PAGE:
denali fault facts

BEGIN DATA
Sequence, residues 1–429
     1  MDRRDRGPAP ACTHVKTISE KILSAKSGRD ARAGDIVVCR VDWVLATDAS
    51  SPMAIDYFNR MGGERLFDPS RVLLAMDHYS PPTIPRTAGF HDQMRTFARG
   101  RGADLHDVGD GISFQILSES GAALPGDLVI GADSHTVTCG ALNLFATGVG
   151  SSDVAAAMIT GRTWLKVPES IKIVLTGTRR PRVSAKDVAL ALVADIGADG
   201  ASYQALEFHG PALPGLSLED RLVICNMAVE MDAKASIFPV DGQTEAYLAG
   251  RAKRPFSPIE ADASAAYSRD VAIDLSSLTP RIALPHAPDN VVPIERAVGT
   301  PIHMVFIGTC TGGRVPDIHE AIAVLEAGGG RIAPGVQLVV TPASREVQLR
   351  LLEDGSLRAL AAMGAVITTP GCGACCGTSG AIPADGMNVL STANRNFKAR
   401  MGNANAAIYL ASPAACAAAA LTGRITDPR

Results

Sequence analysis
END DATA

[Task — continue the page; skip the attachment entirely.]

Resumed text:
We map the 385-kilometer (km) long surface trace of the right-lateral, strike-slip Denali Fault between the Totschunda-Denali Fault intersection in Alaska, United States and the village of Haines Junction, Yukon, Canada. Originating on the previously unknown Susitna Glacier Fault, the earthquake shot eastward along the well-known Denali Fault at a speed of over 11,265 kilometers (7,000 miles) per hour before branching southeast onto the Totschunda Fault. The November 3 Denali Fault earthquake was preceded by the magnitude 6.7 Nenana Mountain earthquake on October 23. In Alaska, moving from east to west, the plate interactions change from a transform boundary between Pacific and North American plates to a collision zone with a microplate, the Yakutat terrane, which is in the process of being accreted to the North American plate, to a destructive … “Interferometry is a good way to locate faults and see which sections are susceptible to deformation,” said Evelyn Price, a research associate at the University of Texas Institute for Geophysics. [citation needed], Alaska's network of faults is a result of tectonic activity; the Pacific Plate is actively subducting (sliding under) the North American Plate, and the Denali Fault is located on the boundary between the two plates. Random Facts About Denali Mount McKinley is the highest point on the North American continent, with its peak rising to 20,320 feet. If that is the case, the longer fault system could produce larger temblors. No oil spilled, and pipeline operations resumed after minor repairs. 40Ar/39Ar data from the Richardson mining district, Big Delta Quadrangle, Alaska - RDF 2020-11 “It’s the first time this has ever been done in earthquake research. You probably also know about the different layers of the Earth. ASF’s fortuitous collection of images allowed Ford and his colleagues to make a series of three interferograms: one for each of the earthquakes, and a cumulative interferogram that includes both earthquakes. Because earthquakes tend to recur along faults, an earthquake that relieves stress on one part of a fault may actually increase stress on other parts of a fault system. It illuminates earthquake mechanics and hazards of large strike-slip faults. In addition, both of the Denali Fault earthquakes occurred at a depth in the Earth’s crust of 5 kilometers (3.1 miles) or less, which is considered relatively shallow. Evelyn J. Image courtesy of the USGS. Originating on the previously unknown Susitna Glacier Fault, the earthquake shot eastward along the well-known Denali Fault at a speed of over 11,265 kilometers (7,000 miles) per hour before branching southeast onto the Totschunda Fault. The Denali Fault and other active faults in Alaska encroach on populated areas and critical infrastructure, including existing and proposed oil and natural gas pipelines. Because the earthquake released most of its energy on the sparsely populated eastern end of the fault, Alaska's major cities were spared serious damage. According to Ford, “The Denali Fault earthquake was the ‘big one’ for Alaska.” The cracks in the Earth’s surface along parts of the fault were up to 6.7 meters (22 feet) wide, which would have caused considerable damage to a more heavily populated area, such as California. The surface wave magnitude of this quake was 8.5, with an overall magnitude estimated around 7.0 to 7.9. On November 3, 2002, the largest earthquake recorded in the interior of Alaska, at 7.9 magnitude, shook the park from its epicenter along the Denali Fault… 3. Like most earthquakes of its size, it was complex, consisting of several subevents. As many of you probably know, the land on Earth was once one giant landmass. In 2015, the mountain was officially changed to the name that the locals always referred to it as; Denali. It was said that he named it after McKinley because of his support for the gold rush and gold standard. Then the rupture transferred onto the main strand of the DFS and continued as a right-lateral strike-slip event for ~220 km until it … Interferometry involves taking Synthetic Aperture Radar (SAR) satellite images from two different dates and precisely calculating the differences between the two. Andrew Ford, a researcher at the University of Utah, was studying the fault system in southeast Alaska with colleagues Rick Forster and Ron Bruhn, both professors at the University of Utah. The Denali Fault and other active faults in Alaska encroach on populated areas and critical infrastructure, including existing and proposed oil and natural gas pipelines. While the November 3 earthquake in Alaska caused few injuries and no deaths, it did cause numerous landslides and damaged roads and bridges at a cost of at least $25 million. Facts about Denali National Park 2: the landscape of Denali National Park. Surface changes occurring between orbits (such as excessive rainfall or snowfall, or changes in vegetation) can cause “noise” in interferograms, making them less accurate. Now we can actually separate the two quakes,” said Ford. The Denali-Totschunda fault is a major dextral (right lateral) strike-slip system, similar in scale to the San Andreas fault system. According to Ford, “The Denali Fault earthquake was the ‘big one’ for Alaska.” The cracks in the Earth’s surface along parts of the fault were up to 6.7 meters (22 feet) wide, which would have caused considerable damage to a more heavily populated area, such as California. Once the satellite acquired the image we needed, ASF downloaded and formatted it, and it was ready for us within hours,” said Ford. The top of the mantle makes up a thin skin on the surface of the Earth. In Denali, this group of faults is known as the Denali fault system, which arcs East-West through the park (and most of the state) for 1200 kilometers (720 miles). The M 7.9 Denali Fault event was preceded by the magnitude 6.7 Nenana Mountain event on October 23, 2002. However, that skin is not all in one piece, it is a… Accessed August 10, 2003. Although Alaska’s Denali Fault was home to a network of GPS receivers, earthquakes are unpredictable, and no one knows whether the next one will strike in a location with a GPS receiver to measure it. Flight Center. The earthquake began at 1:12 p.m. Alaska local time, and was centered approximately 135 kilometers (84 miles) south of Fairbanks and 283 kilometers (176 miles) north of Anchorage. Shaking at the epicenter lasted approximately 1.5 to 2 minutes, but in Fairbanks the duration of the earthquake was over 3 minutes. The Denali Fault is part of the Pacific Ring of Fire. The resulting surface rupture was approximately 336 kilometers (209 miles) long, and it cut through streams, divided forests, opened chasms in roads, and even generated fault traces visible across several glaciers. Both quakes were centered along the Denali Fault. Due to Alyeska’s earthquake protection, the Denali Fault earthquake did not compromise the integrity of the pipeline. A trace of the Denali Fault runs up the north side of the Canwell Glacier. Fault creep Denali is a region of great geologic activity and complex-ity, and scientists are only beginning to piece together its puzzling past. The Denali Fault earthquake will give clues to the behavior of underground layers of rock known as the lower crust and mantle. The principal rupture was a 210-kilometer-long section of the Denali fault, with horizontal shifts of up to nearly 9 meters (26 feet). Bedrock geologic map of the eastern Denali Highway area, Mount Hayes, Healy, and Talkeetna Mountains quadrangles, Alaska - RI 2020-7 New release! Along the Denali Fault, lateral and vertical offset movement is taking place. The Alaska Range is a 600-mile long arc of mountains that stretches from the Alaska-Canada border all the way to the Alaska Peninsula. They also prevent material from filling in faults, which tends to keep faults active. The Denali Fault System is refereed to as such because there are numerous faults present. The resulting image, called an interferogram, shows where deformation occurred on the Earth’s surface. Unlike the other national parks in Alaska, Denali existed in a smaller form before the Alaska Native Interests Land Conservation Act in 1980 created the 8 Alaskan national parks. Over the billions of years, the land broke apart and created what we recognize today. 40Ar/39Ar data from the Richardson mining district, Big Delta Quadrangle, Alaska - RDF 2020-11 The resulting surface rupture was approximately 336 kilometers (209 miles) long, and it cut through streams, divided forests, opened chasms in roads, and even generated fault traces visible across several glaciers. Kahiltna Glacier is the longest glacier in the park. Anchorage is precariously perched 100 miles south of … In addition, landslides completely covered parts of several Alaskan glaciers after the November 3 Denali Fault earthquake. Because some of the faults in southeast Alaska are heavily glaciated, Ford and his colleagues are also interested in studying the relationship between glaciers and structural geology. Denali Fault By: Paige Lewicki and Nina Bruno Denali Fault Earthquake November 3rd, 2002 7.9 magnitude Triggered earthquakes at Yellowstone Facts Strike-Slip Fault Located in Alaska Pacific Plate is subductig under the North American Plate Earthquakes Nenana Mountain earthquake (Also an important part of fossil location and evolution, but that’s a whole other story.) The Denali Fault is also known as a “strike slip” fault: where two pieces of continent rub against each other as they head in opposite directions. After the November 3 earthquake, Ford and his colleagues contacted the Alaska Satellite Facility (ASF) in Fairbanks. Small-scale deformations associated with the 1992 Landers, California, earthquake mapped by synthetic aperture radar interferometry phase gradients. The Denali Fault is a major intracontinental dextral (right lateral) strike-slip fault in western North America, extending from northwestern British Columbia, Canada to the central region of the U.S. state of Alaska. However, many scientists believe that the Hayward Fault is connected to the Calaveras Fault to the south, the Rodgers Creek Fault to the north and to the Maacama Fault still farther north. Glaciers tend to flow down fault lines, eroding the ground surface and acting as conveyor belts for rock material. Denali lies about 130 miles (210 km) north-northwest of Anchorage and some 170 miles (275 km) southwest of Fairbanks in Denali National Park and Preserve. This places the rupture in the same class as those that produced the San Andreas fault's two historical great earthquakes in 1906 and 1857. The Denali fault system is widely recognized as transpressional due to the presence of the Denali fault, a major, active, right-lateral fault, and subparallel zones of thrust faults and fault-related folding along both the north and south flanks of the Alaska Range. It is convenient to view the fault as a single curve, but it is actually comprised of clusters of fault patterns. In the two hours since the primary earthquake, nearly half a dozen aftershocks of 4.0 or greater occurred. Even though the earthquakes occurred in a sparsely populated area, scientists are keeping an eye on the Denali Fault because of its similarities to the San Andreas Fault, located near heavily populated areas in California. That's where an oceanic plate moves underneath the continental plate and can cause earthquakes with … The Muldrow Glacier is the park's longest and it is a great example of the power these behemoth ice masses have on the landscape. The Denali Fault, the fastest moving and most active fault in Interior Alaska, cuts through the heart of the Alaska Range and Denali National Park and Preserve. On November 3, 2002, the Denali Fault ruptured over a distance of 336 km, producing the largest earthquake from a continental strike-slip fault in North America since the 1906 San Francisco earthquake. Water in pools, ponds, and bayous as far away as Texas and Louisiana splashed for nearly half an hour. The November 3, 2002, magnitude (M) 7.9 Denali Fault earthquake was the strongest ever recorded in the interior of Alaska. “When the earthquakes occurred, we wanted to see if we could determine how much ground motion there was,” said Ford. One of the biggest challenges with SAR imagery is the infrequency of satellite overpasses. Fortunately, ASF had images from October 5 (prior to the foreshock earthquake), October 29 (between the two earthquakes), and November 22 (after the second earthquake) that included the area of both earthquakes’ epicenters. This is the location of the largest earthquake ever recorded in North America. You can also find deciduous taiga here. Note also, that Alaska is not behaving as one rigid plate. The M W (moment magnitude) 7.9 Denali fault earthquake on 3 November 2002 was associated with 340 kilometers of surface rupture and was the largest strike-slip earthquake in North America in almost 150 years. USGS Fact Sheet 014-03: Rupture in South-Central Alaska — The Denali Fault Earthquake of 2002, NASA Goddard Space “Usually, the earthquakes that are damaging to populations and structures occur close to the surface, so this is significant,” said Price. So Ford and his colleagues turned to SAR imagery from RADARSAT-1 (a satellite managed by the Canadian Space Agency), which had never before been applied in earthquake interferometry. Notice it is not a Fitch fault as it does not follow the magmatic arc complex. The MW (moment magnitude) 7.9 Denali fault earthquake on 3 November 2002 was associated with 340 kilometers of surface rupture and was the largest strike-slip earthquake in North America in almost 150 years. But ERS-1 failed in 2000, and ERS-2 began malfunctioning shortly afterwards. Shaking at the epicenter lasted approximately 1.5 to 2 minutes, but in Fairbanks the duration of the earthquake was over 3 minutes. M7.9 Earthquake on November 3, 2002. By further studying and understanding the kind of deformation that split open the ground surface in Alaska, scientists hope to glean clues about earthquake damage potential along the San Andreas Fault. “ASF gave us priority. USGS Fact Sheet 014-03: Rupture in South-Central Alaska — The Denali Fault Earthquake of 2002. It was the main fault along which the 2002 Denali earthquake occurred, which was measured as a magnitude of 7.9 Mw. During the afternoon of November 3, 2002, the water in Seattle’s Lake Union suddenly began sloshing hard enough to knock houseboats off their moorings. It began with thrusting on the previously unrecognized Susitna Glacier fault, continued with right-slip … The range is highest at its mid-section, a vast region of towering peaks and massive glaciers that lies within Denali National Park and Preserve. It illuminates earthquake mechanics and hazards of large strike-slip faults. This National Park includes part of a massive mountain range more than 600 miles long. “The less time between repeat orbits, the less chance there is for change on the Earth’s surface,” said Ford. Denali Fault. As a final tribute to the active tectonics of Alaska, a series of faults have fractured the park and most of the state in the last 100 million years. The mountain is essentially a giant block of granite that was lifted above Earth’s crust during a period … [4] During the afternoon of November 3, 2002, the water in Seattle's Lake Union suddenly began sloshing hard enough to knock houseboats off their moorings. The Denali Fault is located in Alaska's Denali National Park and to the east. It started with thrust (upward) motion on a previously unknown fault, now called the Susitna Glacier Fault. The InSAR maps of surface deformation near the earthquake epicenters that Ford and his colleagues generated agreed with USGS findings, which included aerial and ground surveys of the fault rupture, as well as Global Positioning System (GPS) measurements. Landslide material may insulate glacier ice, raising its temperature towards the melting point. The Denali fault system is widely recognized as transpressional due to the presence of the Denali fault, a major, active, right-lateral fault, and subparallel zones of thrust faults and fault-related folding along both the north and south flanks of the Alaska Range. The earthquake began at 1:12 p.m. Alaska local time, and was centered approximately 135 kilometers (84 miles) south of Fairbanks and 283 kilometers (176 miles) north of Anchorage. The president was, however, from Ohio and never even visited the state of Alaska. “We want to know how earthquakes affect the behavior of these glaciers and how the glaciers are moving and responding,” said Ford. “RADARSAT-1 repeats its orbit every 24 days, whereas ERS-1 and ERS-2 repeated every 35 days,” said Ford. It illuminates earthquake mechanics and hazards of large strike-slip faults. Price and David T. Sandwell. In the past, scientists typically relied on SAR imagery from the European Remote Sensing (ERS) satellites, ERS-1 and ERS-2, to map earthquake deformation. While the fault rupture lasted for approximately 100 sec from its initiation to the arrest, its distal effects were felt for many days. The Denali fault is an active intraplate dextral strike-slip fault. The steep north face of Denali, known as the Wickersham Wall, rises 15,000 feet from its base, and is a result of this relatively recent movement. Alaska is the most geologically active part of the United States. It is located near the center of the Alaska Range, with two summits rising above the Denali Fault, in south-central Alaska, U.S. Denali lies about 130 miles (210 km) north-northwest of Anchorage and some 170 miles (275 km) southwest of Fairbanks in Denali National Park and Preserve, which covers six million acres (24,281 square km) of land. Measuring 7.9 in magnitude, the earthquake caused ground to shift beneath the pipeline 14 feet horizontally and 2.5 feet vertically. Using a remote sensing technique called InSAR (Interferometric Synthetic Aperture Radar), Ford created a map of surface changes caused by the earthquake. Alaska’s Denali Fault was on the move, jostling the state with a magnitude 7.9 earthquake. 103(B11):27,001-27,016. At the highest elevations, you can spot snow, rock and glaciers. The range is also part of the Pacific Ring of Fire, and the Denali Fault that runs along the southern edge of the range is responsible for a number of earthquakes. The middle elevations feature tundra. Accessed June 26, 2003. The cause? When Denali was remeasured in 2015, some believed that the mountain was shrinking due to … Now considered a foreshock of the larger quake, the October earthquake caused no surface ruptures. Its epicenter was located on the Denali fault 22 km east of the M 7.9 event epicenter. 1998. The earthquake began at 1:12 p.m. Alaska local time, and was centered approximately 135 kilometers (84 miles) south of Fairbanks and 283 kilometers (176 miles) north of Anchorage. “And you can’t measure ground motion on the scale of millimeters over that kind of area unless you use interferometry.”. It has rock for-mations that have b… In that respect, RADARSAT-1 had an advantage over the ERS missions. The additional weight of rocks and dirt can also cause greater pressure and melting at the base of the glacier, increasing the likelihood that a glacier may surge forward. The Denali Fault is a major intracontinental dextral (right lateral) strike-slip fault in western North America, extending from northwestern British Columbia, Canada to the central region of the U.S. state of Alaska.[1]. The lowest elevations of Denali National Park are a combination of forests. Alaska’s network of faults is a result of tectonic activity; the Pacific Plate is actively subducting (sliding under) the North American Plate, and the Denali Fault is located on the boundary between the two plates. Water in pools, ponds, and bayous as far away as Texas and Louisiana splashed for nearly half an hour. Because the earthquake released most of its energy on the sparsely populated eastern end of the fault, Alaska’s major cities were spared serious damage. It is located near the centre of the Alaska Range, with two summits rising above the Denali Fault, in south-central Alaska, U.S. Denali’s official elevation figure of 20,310 feet (6,190 metres), established by the United States Geological Survey in September The quake was the largest on the Denali Fault since at least 1912 and among the strongest earthquakes recorded in North America in the last 100 years. It began with thrusting on the previously unrecognized Susitna Glacier fault, continued with right-slip … Denali, highest peak in North America. Running right by Denali, the Denali Fault triggers around 600 earthquakes a year within the park that are at least a magnitude 1. Prior to the 2002 earthquakes, the Denali Fault was known to be seismically active, but scientists weren’t sure if it was capable of generating a large earthquake. However, only 13,803 feet (4,207 meters) rise above sea level. Every pair of SAR images used in the past has straddled both the major foreshocks and the mainshock. Alaska’s Denali Fault was on the move, jostling the state with a magnitude 7.9 earthquake. [2] The fault's rate of displacement varies from 1 mm to 35 mm per year.[3]. In addition, both of the Denali Fault earthquakes occurred at a depth in the Earth’s crust of 5 kilometers (3.1 miles) or less, which is considered relatively shallow. Abstract . Much of the lower reaches of the ice are covered in dirt and rocks that have been scoured off of the neighboring mountains on the slow journey from Denali… The M W (moment magnitude) 7.9 Denali fault earthquake on 3 November 2002 was associated with 340 kilometers of surface rupture and was the largest strike-slip earthquake in North America in almost 150 years. Eastern Denali Fault Surface Trace Map, Eastern Alaska and Yukon, Canada By Adrian M. Bender and Peter J. Haeussler . The ability to generate interferograms for each earthquake allowed Ford to investigate how the foreshock focused tectonic stresses and added strength to the mainshock. Bedrock geologic map of the eastern Denali Highway area, Mount Hayes, Healy, and Talkeetna Mountains quadrangles, Alaska - RI 2020-7 New release! The Hayward Fault is thought capable of generating a magnitude 7.5 quake. It started on the previously unrecognized Susitna Glacier Thrust fault, a splay fault south of the McKinley strand of the Denali fault system (DFS). “With InSAR, we can capture the whole picture, no matter where the epicenter of an earthquake is,” said Ford. [2], Learn how and when to remove this template message, "Distribution, nature, and origin of Neogene–Quaternary magmatism in the northern Cordilleran volcanic province, Canada", 10.1130/0016-7606(2000)112<1280:dnaoon>2.0.co;2, "The 2002 Denali Fault Earthquake, Alaska: A Large Magnitude, Slip-Partitioned Event", https://en.wikipedia.org/w/index.php?title=Denali_Fault&oldid=962479519, Articles that may contain original research from June 2015, All articles that may contain original research, Articles with unsourced statements from September 2015, Alaska articles missing geocoordinate data, Creative Commons Attribution-ShareAlike License, This page was last edited on 14 June 2020, at 09:04. Journal of Geophysical Research. 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